Lent Devotion for March 1
Reader: “Hear how the troubles all began.”
Response: “We are the problem, and no part of the solution.”
SCRIPTURE: Genesis 3:13-19
13 Then the LORD God said to the woman,
"What is this you have done?"
The woman said, "The serpent deceived me, and I ate."
14 So the LORD God said to the serpent,
"Because you have done this,
cursed are you above all the livestock
and all the wild animals!
You will crawl on your belly
and you will eat dust
all the days of your life.
15 And I will put enmity
between you and the woman,
and between your offspring and hers;
he will crush your head,
and you will strike his heel."
16 To the woman he said,
"I will greatly increase your pains in childbearing;
with pain you will give birth to children.
Your desire will be for your husband,
and he will rule over you."
17 To Adam he said, "Because you listened to your wife and ate from the tree about which I commanded you, 'You must not eat of it,'
"Cursed is the ground because of you;
through painful toil you will eat of it
all the days of your life.
18 It will produce thorns and thistles for you,
and you will eat the plants of the field.
19 By the sweat of your brow
you will eat your food
until you return to the ground,
since from it you were taken;
for dust you are
and to dust you will return."
SCRIPTURE: Matthew 27:45-50
45 At noon, darkness fell across the whole land until three o’clock. 46 At about three o’clock, Jesus called out with a loud voice, “Eli, Eli, lema sabachthani?” which means “My God, my God, why have you abandoned me?”
47 Some of the bystanders misunderstood and thought he was calling for the prophet Elijah. 48 One of them ran and filled a sponge with sour wine, holding it up to him on a reed stick so he could drink. 49 But the rest said, “Wait! Let’s see whether Elijah comes to save him.”
50 Then Jesus shouted out again, and he released his spirit.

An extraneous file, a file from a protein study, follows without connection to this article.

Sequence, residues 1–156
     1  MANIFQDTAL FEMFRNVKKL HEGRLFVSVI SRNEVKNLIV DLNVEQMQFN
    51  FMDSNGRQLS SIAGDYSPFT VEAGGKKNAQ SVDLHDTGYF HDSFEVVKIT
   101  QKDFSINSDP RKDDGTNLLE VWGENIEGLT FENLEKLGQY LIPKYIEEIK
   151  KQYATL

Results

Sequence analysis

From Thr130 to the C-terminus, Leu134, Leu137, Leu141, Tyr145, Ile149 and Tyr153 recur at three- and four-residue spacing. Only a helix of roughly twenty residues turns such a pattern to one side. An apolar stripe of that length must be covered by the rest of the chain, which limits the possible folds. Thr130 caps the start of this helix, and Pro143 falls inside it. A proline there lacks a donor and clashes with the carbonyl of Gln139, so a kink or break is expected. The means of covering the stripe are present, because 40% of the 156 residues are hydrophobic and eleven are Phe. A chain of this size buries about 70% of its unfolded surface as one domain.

Reader: “The word of the Lord.”
Response: “Thanks be to God.”
In the Garden of Eden, God formed man from the dust of the earth. Did you notice where else the word “dust” appeared in the Genesis passage? The serpent is condemned to groveling “in the dust as long as you live.” Think about it. The serpent never rises above the dust. Humans are raised from the dust into beings fashioned after the image of God into which God breathes the breath of life and man becomes a living soul. Though in the dust, the serpent creates havoc bringing death to all of mankind. As a result, this body of ours will, in fact, return to dust (to ash) again. Humankind is dragged into the dust. Have you noticed that the above passage of Scripture is the very same one we chose for the first day of the Advent devotional, Before the After? You and I have two days that are like no other, the day we were born and the day we die. You see, the Nativity is one of the two days in Jesus’ life that was never to be repeated. God took on human flesh, combining the dust of the earth with the eternal glory of heaven. In the Incarnation of Christ, the human “dust of earth” wed the eternal Word. Two worlds, earth and heaven, were united in the Son of God. His death on the cross was that second day, never to be repeated. In Jesus’ death, He mortally crushed the serpent’s head meaning the dust of evil was utterly, eternally defeated. The human dust of the earth took on immortality. When Jesus released His spirit (Mt.27:50), the grave did not capture His dust, nor will it ultimately hold our dust as we receive resurrection bodies which will never turn to dust!
You see, while Ash Wednesday reminds us of our mortality, in also proclaims the way has been cleared and we are forgiven. Our second unrepeatable day, at the same time, becomes our first eternal day in glory. In heaven, there is no second unrepeatable day! Hallelujah to the Savior!
MUSIC: “All We Like Sheep” from Messiah
As you listen to this piece, notice the joy and delight of the first part, almost like the delight in going astray. Also, notice that the ends of the musical phrases kind of “fade away.” Then as the piece nears the end, there is the solemn and heavy reality of what we have done as the Lord bears the weight of our sin. Sin is never without heavy consequence as poignantly reflected in this music.
(We’ll see you at the 6:30 pm Ash Wednesday service tonight!)
Most merciful God,
we confess that we have sinned against thee
in thought, word, and deed,
by what we have done,
and by what we have left undone.
We have not loved thee with our whole heart;
we have not loved our neighbors as ourselves.
We are truly sorry and we earnestly repent.
For the sake of thy Son Jesus Christ,
have mercy on us and forgive us;
that we may delight in thy will,
and walk in thy ways,
to the glory of thy Name. Amen.
-from Book of Common Prayer, 1928